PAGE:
“They call it a great wonder

That the Sun would not

though the sky was cloudless

Shine warm upon the men.” -Sighvald, Icelandic poet


A couple of times a year, during the New Moon, the Sun, Moon, and Earth all line up in the same plane. As seen from Earth, the Sun’s disc appears blocked, either in whole or in part, by the Moon. As The Beta Band would have told you, this creates an

Eclipse.
Depending on how close the Moon and Sun are to the Earth, either the Moon’s shadow will fall on the Earth, creating a total solar eclipse, or the shadow will end before it ever reaches Earth, in which case we get to see an annular solar eclipse.

Image credit: Total Solar Eclipse in Russia.

Back in 1994, I was living in New York; this was the last time an annular eclipse happened anyplace close to where I was living. From where I was, about 87% of the Sun’s disk was blocked by the Moon, and there were two very interesting (and obvious) things that happened:

  • The Sun remained incredibly, blindingly bright to look at, but gave off virtually no warmth, and
  • shadows looked, well, really weird.

Image credit: Philippe Haake, retrieved from APOD.

I didn’t have the fun kitchen skimmer that Philippe Haake had, above, but I discovered that, with my back towards the Sun, if I held my fingers, crossed together, over my head, the shadows produced by the tiny spaces in between my fingers would produce miniature eclipses Suns.

But if I had been in a more fortuitous location, where there actually was a full annular eclipse, those tiny little apertures would have produced images of the ringed annulus, such as the rings Steve G.S. saw shining through the tree leaves in 2005.

Image credit: Steve G.S., from the 2005 annular eclipse in Spain.

Well, I live on the West Coast of the United States now, and I’m finally getting another chance to see an annular eclipse! This May 21st/May 20th, depending on which side of the international date line you’re on, is our planet’s next eclipse. Those of you in Hong Kong, Taipei, Tokyo and other areas will get to see the annular eclipse shortly after sunrise on the 21st, but those of you in the west/southwest United States are in for an extra special treat.

Image credit: Google Maps / NASA.

In the waning hours of the day on May 20th, as Sun descends in the west, the Moon will pass in front of it, creating the first annular eclipse in the United States since 1994!

This time, I’m going to be prepared.

Image credit: Frisius Gemma's Camera Obscura, 1544, retrieved from artist-how-to.com.

First off, I’m going to make sure I have a pinhole camera with me. A pinhole camera is as simple as having a piece of cardboard with a pinhole poked in it and a white screen behind it. As the sunlight passes through the pinhole, the (inverted) image of the Sun’s disk gets displayed on the screen in the back.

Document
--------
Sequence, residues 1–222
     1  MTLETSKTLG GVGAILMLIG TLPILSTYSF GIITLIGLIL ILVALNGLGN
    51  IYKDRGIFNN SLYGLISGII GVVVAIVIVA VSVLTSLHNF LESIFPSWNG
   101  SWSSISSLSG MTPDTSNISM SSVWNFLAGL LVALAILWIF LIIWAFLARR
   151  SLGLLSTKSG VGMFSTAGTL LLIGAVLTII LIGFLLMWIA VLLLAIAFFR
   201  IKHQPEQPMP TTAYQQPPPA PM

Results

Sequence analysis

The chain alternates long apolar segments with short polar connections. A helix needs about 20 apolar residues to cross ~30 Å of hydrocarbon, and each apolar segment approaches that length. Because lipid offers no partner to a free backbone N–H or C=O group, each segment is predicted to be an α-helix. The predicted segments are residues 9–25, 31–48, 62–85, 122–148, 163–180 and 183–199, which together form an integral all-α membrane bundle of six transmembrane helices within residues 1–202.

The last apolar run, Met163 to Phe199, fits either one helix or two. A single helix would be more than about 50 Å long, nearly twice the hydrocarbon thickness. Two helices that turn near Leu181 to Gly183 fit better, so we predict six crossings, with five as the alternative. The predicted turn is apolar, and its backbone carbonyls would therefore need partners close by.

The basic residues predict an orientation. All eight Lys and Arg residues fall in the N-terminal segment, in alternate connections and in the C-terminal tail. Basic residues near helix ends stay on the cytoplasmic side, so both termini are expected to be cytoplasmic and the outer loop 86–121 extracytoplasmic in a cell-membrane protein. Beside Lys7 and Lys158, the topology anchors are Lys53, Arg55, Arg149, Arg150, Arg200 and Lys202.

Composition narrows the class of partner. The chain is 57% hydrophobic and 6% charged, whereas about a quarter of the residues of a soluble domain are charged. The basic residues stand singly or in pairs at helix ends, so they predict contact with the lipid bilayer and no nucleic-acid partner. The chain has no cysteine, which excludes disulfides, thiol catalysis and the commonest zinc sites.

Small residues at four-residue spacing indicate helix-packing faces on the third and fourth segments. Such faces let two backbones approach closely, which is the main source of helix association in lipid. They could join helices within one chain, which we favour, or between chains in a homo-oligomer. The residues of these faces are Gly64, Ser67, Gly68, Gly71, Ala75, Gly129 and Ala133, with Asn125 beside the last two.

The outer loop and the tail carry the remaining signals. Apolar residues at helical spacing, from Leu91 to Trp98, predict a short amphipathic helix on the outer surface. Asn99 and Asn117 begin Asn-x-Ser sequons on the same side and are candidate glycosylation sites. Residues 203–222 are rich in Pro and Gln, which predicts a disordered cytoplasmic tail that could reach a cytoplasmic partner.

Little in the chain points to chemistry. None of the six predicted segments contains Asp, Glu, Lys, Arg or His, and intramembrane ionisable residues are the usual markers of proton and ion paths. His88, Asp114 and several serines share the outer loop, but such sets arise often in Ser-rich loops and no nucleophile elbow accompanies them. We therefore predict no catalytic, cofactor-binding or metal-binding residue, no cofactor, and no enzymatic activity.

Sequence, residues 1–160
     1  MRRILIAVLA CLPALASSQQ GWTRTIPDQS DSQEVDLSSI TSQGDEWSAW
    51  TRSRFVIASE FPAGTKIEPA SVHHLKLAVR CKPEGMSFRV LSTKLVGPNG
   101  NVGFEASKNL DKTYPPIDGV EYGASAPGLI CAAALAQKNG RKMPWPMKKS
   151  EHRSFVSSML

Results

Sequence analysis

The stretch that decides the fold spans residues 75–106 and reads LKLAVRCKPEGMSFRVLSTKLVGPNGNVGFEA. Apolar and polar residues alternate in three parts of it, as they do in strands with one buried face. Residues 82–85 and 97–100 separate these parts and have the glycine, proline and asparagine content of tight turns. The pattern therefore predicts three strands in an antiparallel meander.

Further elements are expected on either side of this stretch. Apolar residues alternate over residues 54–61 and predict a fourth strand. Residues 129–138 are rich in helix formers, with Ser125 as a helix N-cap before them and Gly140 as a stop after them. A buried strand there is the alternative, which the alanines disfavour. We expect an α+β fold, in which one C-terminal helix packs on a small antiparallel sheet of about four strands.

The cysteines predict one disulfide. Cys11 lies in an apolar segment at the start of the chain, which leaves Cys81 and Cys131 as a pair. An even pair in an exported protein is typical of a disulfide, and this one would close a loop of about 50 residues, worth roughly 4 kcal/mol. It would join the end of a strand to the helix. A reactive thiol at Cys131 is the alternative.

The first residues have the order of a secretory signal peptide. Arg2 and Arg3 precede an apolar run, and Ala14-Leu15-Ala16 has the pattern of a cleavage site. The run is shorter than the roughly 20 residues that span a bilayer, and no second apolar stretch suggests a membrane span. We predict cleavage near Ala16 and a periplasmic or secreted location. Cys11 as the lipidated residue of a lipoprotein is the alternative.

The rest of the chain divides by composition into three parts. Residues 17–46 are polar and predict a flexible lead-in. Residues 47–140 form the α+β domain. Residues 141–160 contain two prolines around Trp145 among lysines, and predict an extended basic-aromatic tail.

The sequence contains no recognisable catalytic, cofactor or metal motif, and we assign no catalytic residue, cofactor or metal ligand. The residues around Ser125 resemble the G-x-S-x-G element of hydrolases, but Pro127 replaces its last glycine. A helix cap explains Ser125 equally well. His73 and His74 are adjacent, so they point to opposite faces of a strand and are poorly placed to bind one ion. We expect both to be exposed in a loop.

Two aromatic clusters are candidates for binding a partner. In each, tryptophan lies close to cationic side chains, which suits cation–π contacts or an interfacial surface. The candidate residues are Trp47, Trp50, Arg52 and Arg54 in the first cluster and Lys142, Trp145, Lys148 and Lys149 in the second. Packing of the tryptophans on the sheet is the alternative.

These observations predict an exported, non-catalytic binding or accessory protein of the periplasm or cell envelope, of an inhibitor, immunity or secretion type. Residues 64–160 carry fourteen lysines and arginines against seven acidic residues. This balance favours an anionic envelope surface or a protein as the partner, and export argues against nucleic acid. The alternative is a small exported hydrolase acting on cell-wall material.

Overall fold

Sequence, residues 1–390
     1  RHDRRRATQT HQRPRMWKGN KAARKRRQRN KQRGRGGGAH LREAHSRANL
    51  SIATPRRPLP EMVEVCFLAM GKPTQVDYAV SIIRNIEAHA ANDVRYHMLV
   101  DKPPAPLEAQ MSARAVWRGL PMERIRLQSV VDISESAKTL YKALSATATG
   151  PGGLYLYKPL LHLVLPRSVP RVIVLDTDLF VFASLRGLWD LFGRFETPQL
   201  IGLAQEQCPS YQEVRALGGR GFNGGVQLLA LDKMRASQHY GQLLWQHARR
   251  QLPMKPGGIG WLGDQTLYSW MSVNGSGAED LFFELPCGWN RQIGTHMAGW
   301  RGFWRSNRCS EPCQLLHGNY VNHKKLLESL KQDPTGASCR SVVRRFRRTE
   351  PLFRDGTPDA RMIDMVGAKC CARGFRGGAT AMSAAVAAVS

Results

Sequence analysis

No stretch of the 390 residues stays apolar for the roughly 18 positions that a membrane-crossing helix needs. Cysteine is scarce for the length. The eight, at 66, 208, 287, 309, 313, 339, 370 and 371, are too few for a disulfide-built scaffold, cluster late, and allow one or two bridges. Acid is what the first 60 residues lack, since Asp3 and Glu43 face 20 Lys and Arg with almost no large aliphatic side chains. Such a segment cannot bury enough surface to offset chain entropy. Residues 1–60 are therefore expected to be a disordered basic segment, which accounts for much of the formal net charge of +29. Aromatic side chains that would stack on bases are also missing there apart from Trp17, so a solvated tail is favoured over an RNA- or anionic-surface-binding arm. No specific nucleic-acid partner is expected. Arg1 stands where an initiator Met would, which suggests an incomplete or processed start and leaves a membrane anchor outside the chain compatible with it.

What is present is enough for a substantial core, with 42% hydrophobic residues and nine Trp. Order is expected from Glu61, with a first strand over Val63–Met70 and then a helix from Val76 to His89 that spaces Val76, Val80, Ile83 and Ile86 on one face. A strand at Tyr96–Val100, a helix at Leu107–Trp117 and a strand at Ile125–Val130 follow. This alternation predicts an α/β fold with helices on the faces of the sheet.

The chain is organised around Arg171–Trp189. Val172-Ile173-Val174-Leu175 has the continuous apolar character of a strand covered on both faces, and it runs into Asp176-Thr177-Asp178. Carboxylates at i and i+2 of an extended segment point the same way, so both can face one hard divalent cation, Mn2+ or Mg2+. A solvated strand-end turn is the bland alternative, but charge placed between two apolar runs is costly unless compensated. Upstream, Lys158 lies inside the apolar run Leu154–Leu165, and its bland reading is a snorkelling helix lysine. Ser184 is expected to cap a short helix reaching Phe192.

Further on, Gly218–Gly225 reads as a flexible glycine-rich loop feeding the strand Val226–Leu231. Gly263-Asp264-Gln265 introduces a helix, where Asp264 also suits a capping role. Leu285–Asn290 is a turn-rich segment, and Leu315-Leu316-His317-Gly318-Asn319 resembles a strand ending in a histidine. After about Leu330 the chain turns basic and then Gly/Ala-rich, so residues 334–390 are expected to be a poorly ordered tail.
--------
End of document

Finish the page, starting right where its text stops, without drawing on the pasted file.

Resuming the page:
If the Sun’s disk is partially blocked, then what shows up on the display screen is the eclipsed Sun, completely safe for viewing. There are a number of quality, ultra-low-tech options readily available for your display screen.

Image credit: Shree Nayar of BigShotCamera.org.

Because the eclipse is happening late in the day — in the Pacific Time Zone, it starts at about 5:10 PM and ends at around 7:30 PM — I’ll want to make sure I have a clear view to the west, where the Sun will be descending. I am taking no chances, and will be staking out a spot along the coast. With over 200 miles of prime viewing coastline available, I’m even hoping for a little solitude while it happens.

Image credit: Craig Wolf Photography.

The ocean is sure to provide me with very little in the way of obstacles that will obscure the Sun’s view. The only possible interference will come from the astronomer’s nemesis: clouds.

I also plan on photographing the Sun, directly, during the eclipse! Although I’m not a skilled photographer by any stretch, anything from a pair of welder’s goggles to the interior of a 3.5″ floppy disk, placed over the lens of your camera, will allow you to successfully photograph the Sun during an eclipse!

Image credit: Chin-Yu Hsu, who was in high school with me during the 1994 eclipse, of the 2009 solar eclipse, from Taiwan, using a 3.5" floppy filter.

I won’t, however, be looking at the Sun through the 3.5″ floppy disk; welder’s goggles are okay (as are some other types of protective eyewear), but be careful! You won’t feel the damage the Sun can do to your eyes until it’s too late; make sure if you’re going to look at the Sun directly that you get the proper equipment to protect your eyes.

I’m hoping to get some images as good as the ones taken by Steve G.S. with his solar filter in 2005. (Yeah, right!)

Image credit: Steve G.S.

The United States will get a shot at a total solar eclipse — perhaps the only sight more spectacular than an annular eclipse — on August 21, 2017. But for those of you with a chance to go out and view this one, including those of you just crazy enough to be eclipse chasers (which may include me, now), start planning for it now.